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A Pope and a President Walk Into a Bar

Andrew Sullivan writes [1]:

It was striking to me that the Pope refused to address the president’s authorization of inhumane treatment and torture of prisoners. This was not an accidental omission. In return, the president refused to engage the Pope on his own complicity in the systematic cover-up of child rape and teen abuse by his own priests. I have a feeling that history will not be as reticent

Hmm. “This was not an accidental omission,” is a slippery phrase. Does Sullivan mean to imply the pope tacitly approves of U.S. torture? He should use plain language.

“His own priests” is also delightfully non-specific. Is Sullivan saying something about the pontiff’s time as Bishop of Munich (in the 70s), when he would have been in charge of priestly formation in his diocese? If it refers to the recent scandals, when he was Prefect of the Congregation for the Doctrine of the Faith, this is equivalent to pretending the secretary of health and human services should have devised an exit-strategy for Iraq. There are plenty of people to blame in the Church for what is euphemistically called the “abuse-scandal” – Benedict is not one of them.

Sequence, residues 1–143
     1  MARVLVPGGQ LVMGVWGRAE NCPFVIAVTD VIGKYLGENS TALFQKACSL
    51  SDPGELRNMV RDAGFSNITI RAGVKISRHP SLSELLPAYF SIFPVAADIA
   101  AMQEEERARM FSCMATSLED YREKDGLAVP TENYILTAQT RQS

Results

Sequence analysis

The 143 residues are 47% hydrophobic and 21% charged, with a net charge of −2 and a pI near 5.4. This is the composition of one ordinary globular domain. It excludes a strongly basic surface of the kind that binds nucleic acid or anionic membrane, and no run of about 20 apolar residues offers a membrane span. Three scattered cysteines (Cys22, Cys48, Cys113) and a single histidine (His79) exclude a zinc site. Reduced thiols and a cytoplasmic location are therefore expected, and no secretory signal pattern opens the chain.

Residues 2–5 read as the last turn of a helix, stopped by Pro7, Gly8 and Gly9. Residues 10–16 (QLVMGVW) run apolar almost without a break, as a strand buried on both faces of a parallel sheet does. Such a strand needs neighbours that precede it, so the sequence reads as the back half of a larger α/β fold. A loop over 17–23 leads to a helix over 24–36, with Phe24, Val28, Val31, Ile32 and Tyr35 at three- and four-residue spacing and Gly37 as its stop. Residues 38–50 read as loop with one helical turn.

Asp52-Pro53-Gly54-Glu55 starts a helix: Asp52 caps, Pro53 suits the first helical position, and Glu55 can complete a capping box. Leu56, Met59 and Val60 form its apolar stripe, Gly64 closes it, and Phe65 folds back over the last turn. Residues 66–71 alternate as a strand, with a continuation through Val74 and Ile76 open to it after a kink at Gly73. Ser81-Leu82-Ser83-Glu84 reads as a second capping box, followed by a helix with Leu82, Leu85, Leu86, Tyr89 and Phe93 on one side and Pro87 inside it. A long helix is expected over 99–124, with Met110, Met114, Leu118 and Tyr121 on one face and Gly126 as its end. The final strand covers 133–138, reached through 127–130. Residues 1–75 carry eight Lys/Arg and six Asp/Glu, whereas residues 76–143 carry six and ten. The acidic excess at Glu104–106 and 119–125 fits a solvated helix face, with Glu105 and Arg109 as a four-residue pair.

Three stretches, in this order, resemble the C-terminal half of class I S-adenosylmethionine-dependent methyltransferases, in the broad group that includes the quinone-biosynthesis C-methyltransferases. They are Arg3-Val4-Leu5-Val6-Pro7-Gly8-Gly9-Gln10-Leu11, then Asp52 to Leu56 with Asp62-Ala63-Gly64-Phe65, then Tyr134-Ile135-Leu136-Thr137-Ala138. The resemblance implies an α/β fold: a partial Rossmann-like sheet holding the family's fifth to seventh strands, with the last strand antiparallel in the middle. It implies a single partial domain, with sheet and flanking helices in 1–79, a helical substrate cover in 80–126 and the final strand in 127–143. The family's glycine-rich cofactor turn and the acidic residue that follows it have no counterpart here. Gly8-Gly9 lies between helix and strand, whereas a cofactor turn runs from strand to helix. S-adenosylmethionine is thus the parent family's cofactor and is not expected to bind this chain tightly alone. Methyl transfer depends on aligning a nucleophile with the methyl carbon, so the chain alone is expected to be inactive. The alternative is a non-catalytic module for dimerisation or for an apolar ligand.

“In return, the president refused” is even stranger, as if to say that Bush thought, “Hey Benny, thanks for not taking me out to the woodshed over that torture thing. I’ll do you a solid and not accuse you of covering up child-rape.”

I just don’t get it. What does Sullivan expect? That the two men sit in the Oval Office and chide each other for the camera? Strike moral poses at each other? That seems more like the work of pundits and bloggers.